Premier Jason Kenney enacted tougher measures Tuesday as a way to cut the rising COVID-19 case numbers in the province.
The new measures were implemented two weeks after the premier announced the previous restrictions on Nov. 24.
The new rules are similar to the spring lockdown – restricting restaurants and bars to delivery or takeout and closing recreation centres, libraries, theatres and personal service providers such as hair salons.
We do know measures take time to work, but on Monday afternoon, the chief medical officer of health, Dr. Deena Hinshaw, confirmed the existing regulations weren’t enough and hence the need of new restrictions.
Of course, the Nov. 24 measures weren’t working.
Because the premier was too late to implement them.
If we knew a second wave was imminent – which provincial officials told us was coming over and over again during the first wave – the province shouldn’t have waited until almost the end of November to put additional restrictions in place.
That was tardy.
Any rules that may have come into effect around fall, could’ve been targeted, and therefore, last a relatively short period of time, until we were out of the woods.
The recent number of active cases has left us lost in the middle of a dense forest.
Acting sooner would have cleared us all by the time December hit, giving Albertans a Christmas they deserve this dreadful year.
That strategy would have especially helped us to protect the provincial economy – something the premier is concerned about.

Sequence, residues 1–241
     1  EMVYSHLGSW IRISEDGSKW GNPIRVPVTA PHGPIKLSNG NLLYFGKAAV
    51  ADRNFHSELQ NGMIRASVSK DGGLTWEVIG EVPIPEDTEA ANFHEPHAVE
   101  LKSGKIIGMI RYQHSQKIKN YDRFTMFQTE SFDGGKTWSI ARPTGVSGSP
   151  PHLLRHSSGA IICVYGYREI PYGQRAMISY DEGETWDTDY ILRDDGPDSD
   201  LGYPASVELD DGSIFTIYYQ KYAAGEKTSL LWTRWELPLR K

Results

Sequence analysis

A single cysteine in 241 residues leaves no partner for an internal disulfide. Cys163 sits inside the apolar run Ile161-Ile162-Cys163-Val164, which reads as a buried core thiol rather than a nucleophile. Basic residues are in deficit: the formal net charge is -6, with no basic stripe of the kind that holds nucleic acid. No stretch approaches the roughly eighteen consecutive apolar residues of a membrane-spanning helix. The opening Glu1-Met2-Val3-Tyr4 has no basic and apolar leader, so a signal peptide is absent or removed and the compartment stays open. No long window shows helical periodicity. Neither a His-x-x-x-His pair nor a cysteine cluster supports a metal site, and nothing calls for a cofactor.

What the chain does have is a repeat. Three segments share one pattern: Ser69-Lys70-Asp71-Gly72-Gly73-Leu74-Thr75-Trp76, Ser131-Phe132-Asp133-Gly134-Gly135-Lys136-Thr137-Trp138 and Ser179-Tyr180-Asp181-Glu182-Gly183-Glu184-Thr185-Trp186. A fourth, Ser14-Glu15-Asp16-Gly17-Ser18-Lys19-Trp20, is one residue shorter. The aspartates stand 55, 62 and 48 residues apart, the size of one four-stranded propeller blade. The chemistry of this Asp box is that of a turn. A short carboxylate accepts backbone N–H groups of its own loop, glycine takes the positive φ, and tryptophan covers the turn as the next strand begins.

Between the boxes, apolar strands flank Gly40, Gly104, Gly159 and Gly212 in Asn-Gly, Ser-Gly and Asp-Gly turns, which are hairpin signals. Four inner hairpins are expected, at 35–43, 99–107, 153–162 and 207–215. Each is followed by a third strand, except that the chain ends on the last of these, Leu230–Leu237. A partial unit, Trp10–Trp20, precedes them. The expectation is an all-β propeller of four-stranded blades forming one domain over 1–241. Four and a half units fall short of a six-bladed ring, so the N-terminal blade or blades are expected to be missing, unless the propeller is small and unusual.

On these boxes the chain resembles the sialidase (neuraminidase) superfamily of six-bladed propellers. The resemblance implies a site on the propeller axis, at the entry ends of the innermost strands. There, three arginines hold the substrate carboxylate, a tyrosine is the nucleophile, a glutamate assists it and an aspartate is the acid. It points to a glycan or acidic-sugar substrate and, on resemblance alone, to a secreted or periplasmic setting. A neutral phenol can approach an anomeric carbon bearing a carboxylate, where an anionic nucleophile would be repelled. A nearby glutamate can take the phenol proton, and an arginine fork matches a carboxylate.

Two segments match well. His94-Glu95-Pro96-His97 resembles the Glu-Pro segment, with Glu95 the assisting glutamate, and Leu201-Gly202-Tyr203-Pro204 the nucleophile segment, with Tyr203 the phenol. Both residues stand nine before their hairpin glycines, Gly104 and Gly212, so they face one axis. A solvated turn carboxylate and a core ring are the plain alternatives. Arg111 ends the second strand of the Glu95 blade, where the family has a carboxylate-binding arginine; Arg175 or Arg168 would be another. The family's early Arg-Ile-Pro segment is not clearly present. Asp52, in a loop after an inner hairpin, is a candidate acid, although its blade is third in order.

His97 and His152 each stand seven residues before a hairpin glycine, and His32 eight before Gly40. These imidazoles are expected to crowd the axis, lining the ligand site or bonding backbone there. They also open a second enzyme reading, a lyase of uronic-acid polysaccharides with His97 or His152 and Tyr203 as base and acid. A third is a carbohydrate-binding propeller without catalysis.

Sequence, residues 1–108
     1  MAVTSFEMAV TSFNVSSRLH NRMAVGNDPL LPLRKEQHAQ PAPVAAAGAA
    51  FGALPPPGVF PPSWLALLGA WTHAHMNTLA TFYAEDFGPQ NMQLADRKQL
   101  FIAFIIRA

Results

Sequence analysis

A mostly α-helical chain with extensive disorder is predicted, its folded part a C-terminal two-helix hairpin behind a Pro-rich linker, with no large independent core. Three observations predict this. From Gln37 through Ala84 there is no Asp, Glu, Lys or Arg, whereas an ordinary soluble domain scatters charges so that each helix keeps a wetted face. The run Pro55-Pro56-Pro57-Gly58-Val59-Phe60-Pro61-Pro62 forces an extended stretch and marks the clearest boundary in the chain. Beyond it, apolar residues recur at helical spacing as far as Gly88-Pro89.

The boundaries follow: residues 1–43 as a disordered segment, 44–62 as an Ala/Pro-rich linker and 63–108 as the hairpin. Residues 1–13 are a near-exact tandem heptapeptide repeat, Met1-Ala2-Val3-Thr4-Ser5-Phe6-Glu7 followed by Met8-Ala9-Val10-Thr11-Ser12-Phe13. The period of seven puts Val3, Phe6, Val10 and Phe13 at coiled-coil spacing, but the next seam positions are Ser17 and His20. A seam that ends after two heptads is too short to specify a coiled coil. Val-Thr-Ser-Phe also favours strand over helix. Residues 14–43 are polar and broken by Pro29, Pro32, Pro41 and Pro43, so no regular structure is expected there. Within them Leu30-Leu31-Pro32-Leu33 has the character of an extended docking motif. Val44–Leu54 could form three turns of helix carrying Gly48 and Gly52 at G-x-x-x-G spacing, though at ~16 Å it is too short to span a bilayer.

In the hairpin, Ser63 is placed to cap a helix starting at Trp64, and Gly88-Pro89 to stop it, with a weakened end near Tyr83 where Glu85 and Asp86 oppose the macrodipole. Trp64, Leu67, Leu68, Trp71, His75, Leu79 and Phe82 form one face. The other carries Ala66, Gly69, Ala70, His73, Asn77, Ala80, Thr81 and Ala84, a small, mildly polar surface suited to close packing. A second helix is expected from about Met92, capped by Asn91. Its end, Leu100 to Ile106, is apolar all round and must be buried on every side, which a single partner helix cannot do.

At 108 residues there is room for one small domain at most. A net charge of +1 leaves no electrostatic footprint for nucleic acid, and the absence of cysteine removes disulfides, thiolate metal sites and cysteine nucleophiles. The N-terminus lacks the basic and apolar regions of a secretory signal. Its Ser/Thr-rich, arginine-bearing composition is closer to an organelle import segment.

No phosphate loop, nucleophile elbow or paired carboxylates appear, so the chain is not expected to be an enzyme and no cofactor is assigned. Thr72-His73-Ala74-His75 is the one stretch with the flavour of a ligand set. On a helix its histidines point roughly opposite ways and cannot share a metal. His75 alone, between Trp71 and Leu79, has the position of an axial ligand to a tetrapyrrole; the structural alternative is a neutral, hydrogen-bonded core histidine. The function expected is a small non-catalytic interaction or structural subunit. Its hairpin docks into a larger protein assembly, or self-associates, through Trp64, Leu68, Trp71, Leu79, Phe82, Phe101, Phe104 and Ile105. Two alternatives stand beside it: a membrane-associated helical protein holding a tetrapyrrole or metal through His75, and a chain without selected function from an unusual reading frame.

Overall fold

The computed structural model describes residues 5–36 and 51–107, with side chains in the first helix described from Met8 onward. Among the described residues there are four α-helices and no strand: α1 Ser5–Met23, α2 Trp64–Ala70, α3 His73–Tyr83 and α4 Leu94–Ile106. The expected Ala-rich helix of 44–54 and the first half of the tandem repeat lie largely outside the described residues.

A province-wide mask mandate could’ve come in much sooner – and not during the ninth month of the pandemic, for instance. Until Tuesday, Alberta had been the only province in Canada without a mandated mask rule.
Instead now, with these tough measures imposed in December, thousands of restaurants across the province are having to limit their services – during the busy holiday season.
Meanwhile, retail businesses are left serving at 15 per cent capacity.
Indoor and outdoor gatherings have been banned limiting Christmas celebrations to one household.
These measures will last for four weeks.
During Tuesday’s news conference, media asked the premier whether he takes responsibility for the latest virus deaths because he didn’t impose restrictions sooner.
The premier said it would be a mistake to draw conclusions at this complicated time.
We can all draw at least one conclusion at this time – Kenney’s behind-schedule response has made him the Christmas Grinch.
At the same conference, Minister of Jobs, Economy and Innovation Doug Schweitzer declared a vaccine is on the way for Albertans.
The truth is not all Albertans will receive the shot until fall of next year. That means, most Albertans will be left following protocols such as mask wearing and hand washing until then.
Going forward, Kenney government needs a proactive approach to COVID-19.
The premier should now focus on ensuring are Albertans get the vaccine shot – especially because Albertans are skeptical. A late-November Angus-Reid poll states one in four Albertans (25 per cent) say they do not plan on getting vaccinated.
That’s a high statistic.
The leader needs to send a clear, health-focused message to his province that touches on people’s fears and concerns over the vaccine.
Mamta Lulla is acting editor of the Red Deer Advocate.